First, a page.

Another year. Another record. The high temperatures we saw in 2015 are set to be beaten in 2016.
2016 is "very likely" to end up the hottest year on record, the United Nations World Meteorological Organization announced on Monday.
This would mean 16 of the 17 hottest years ever occurred in this century.
While the global increase in temperatures hovered around 1.2 degrees Celsius (2.16 degrees Fahrenheit), some places, like parts of Arctic Russia, saw increases as large as 7 degrees Celsius.
The U.N. is in the midst of hashing out the details of the Paris Agreement, which aims to keep global temperatures from rising more than 2 degrees Celsius by restricting fossil fuel use. This marks the second week of those talks.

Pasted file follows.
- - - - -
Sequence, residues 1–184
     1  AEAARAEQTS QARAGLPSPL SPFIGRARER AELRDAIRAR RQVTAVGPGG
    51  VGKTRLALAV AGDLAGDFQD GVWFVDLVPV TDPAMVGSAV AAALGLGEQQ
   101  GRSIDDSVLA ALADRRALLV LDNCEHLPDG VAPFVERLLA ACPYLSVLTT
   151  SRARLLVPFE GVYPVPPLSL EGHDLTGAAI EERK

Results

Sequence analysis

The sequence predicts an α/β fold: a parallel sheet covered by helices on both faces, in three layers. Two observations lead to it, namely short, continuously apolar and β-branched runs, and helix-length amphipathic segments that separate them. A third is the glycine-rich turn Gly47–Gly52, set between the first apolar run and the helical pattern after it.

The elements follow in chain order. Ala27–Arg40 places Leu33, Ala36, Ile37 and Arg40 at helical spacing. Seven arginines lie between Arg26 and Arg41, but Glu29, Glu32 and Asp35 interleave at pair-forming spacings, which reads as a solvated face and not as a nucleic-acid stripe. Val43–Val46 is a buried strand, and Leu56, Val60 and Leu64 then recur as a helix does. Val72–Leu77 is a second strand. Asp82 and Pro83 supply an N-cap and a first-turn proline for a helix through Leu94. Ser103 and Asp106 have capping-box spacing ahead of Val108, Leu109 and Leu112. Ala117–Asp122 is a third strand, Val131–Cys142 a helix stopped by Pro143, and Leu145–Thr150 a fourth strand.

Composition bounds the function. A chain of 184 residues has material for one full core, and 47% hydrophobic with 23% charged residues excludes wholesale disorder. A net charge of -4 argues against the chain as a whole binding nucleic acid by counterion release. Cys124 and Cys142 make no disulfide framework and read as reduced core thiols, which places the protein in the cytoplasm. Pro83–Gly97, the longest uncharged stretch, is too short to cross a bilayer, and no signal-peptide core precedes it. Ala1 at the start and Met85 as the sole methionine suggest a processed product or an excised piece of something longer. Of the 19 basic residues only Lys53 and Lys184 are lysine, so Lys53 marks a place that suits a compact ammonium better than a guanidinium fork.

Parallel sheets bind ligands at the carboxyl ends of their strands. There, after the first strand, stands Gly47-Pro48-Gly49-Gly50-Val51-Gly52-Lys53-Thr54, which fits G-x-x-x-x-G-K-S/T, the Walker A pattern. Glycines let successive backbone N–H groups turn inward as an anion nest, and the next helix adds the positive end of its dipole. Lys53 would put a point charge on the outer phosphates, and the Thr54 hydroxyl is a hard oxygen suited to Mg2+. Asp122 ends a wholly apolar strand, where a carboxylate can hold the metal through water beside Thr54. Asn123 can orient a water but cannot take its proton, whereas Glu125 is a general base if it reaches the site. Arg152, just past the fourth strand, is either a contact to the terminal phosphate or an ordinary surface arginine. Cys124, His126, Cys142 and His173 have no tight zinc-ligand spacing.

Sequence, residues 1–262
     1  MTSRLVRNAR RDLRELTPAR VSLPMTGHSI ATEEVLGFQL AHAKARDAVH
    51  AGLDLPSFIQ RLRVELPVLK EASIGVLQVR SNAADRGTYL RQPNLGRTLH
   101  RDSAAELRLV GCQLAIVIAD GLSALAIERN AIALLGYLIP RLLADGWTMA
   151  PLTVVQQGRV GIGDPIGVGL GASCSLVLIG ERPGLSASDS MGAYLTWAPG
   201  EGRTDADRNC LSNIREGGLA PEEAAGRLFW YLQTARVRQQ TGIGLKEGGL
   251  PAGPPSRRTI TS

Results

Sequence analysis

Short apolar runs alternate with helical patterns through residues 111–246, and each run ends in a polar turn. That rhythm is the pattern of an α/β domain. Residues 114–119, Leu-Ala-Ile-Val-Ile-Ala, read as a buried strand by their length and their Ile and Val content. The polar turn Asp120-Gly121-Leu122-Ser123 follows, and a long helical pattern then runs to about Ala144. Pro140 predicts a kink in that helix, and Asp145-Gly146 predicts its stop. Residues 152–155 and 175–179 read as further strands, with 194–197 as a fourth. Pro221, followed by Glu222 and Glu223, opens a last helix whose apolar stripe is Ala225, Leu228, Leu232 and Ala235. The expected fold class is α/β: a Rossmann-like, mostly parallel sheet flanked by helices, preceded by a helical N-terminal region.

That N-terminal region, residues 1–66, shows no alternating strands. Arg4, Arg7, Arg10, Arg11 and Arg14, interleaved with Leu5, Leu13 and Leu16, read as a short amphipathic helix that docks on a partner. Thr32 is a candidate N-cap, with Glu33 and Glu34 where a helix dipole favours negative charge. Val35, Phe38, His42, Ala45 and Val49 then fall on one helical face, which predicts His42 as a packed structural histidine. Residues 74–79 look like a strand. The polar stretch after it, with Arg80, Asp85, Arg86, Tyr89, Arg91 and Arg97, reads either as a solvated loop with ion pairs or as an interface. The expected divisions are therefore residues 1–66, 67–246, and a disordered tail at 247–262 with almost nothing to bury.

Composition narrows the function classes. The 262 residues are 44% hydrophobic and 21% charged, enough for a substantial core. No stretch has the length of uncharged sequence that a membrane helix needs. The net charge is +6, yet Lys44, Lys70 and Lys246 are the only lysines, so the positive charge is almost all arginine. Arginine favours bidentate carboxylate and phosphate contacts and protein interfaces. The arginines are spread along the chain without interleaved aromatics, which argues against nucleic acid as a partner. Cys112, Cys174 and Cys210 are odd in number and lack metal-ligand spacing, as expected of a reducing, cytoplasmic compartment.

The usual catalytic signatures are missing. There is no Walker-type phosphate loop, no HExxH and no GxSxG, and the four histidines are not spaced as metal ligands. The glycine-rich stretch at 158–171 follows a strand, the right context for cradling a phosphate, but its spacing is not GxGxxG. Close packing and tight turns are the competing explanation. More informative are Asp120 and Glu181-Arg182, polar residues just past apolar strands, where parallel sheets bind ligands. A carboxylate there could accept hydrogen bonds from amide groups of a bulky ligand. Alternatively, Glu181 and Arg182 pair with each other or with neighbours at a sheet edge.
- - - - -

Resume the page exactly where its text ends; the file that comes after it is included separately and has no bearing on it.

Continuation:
It's late in July and it is really cold outside in New York. Where the hell is GLOBAL WARMING??? We need some fast! It's now CLIMATE CHANGE— Donald J. Trump (@realDonaldTrump) July 29, 2014
U.S. President-elect Donald Trump said he would cancel the Paris deal if elected.
U.N. reports argue climate change disproportionately affects the poor.
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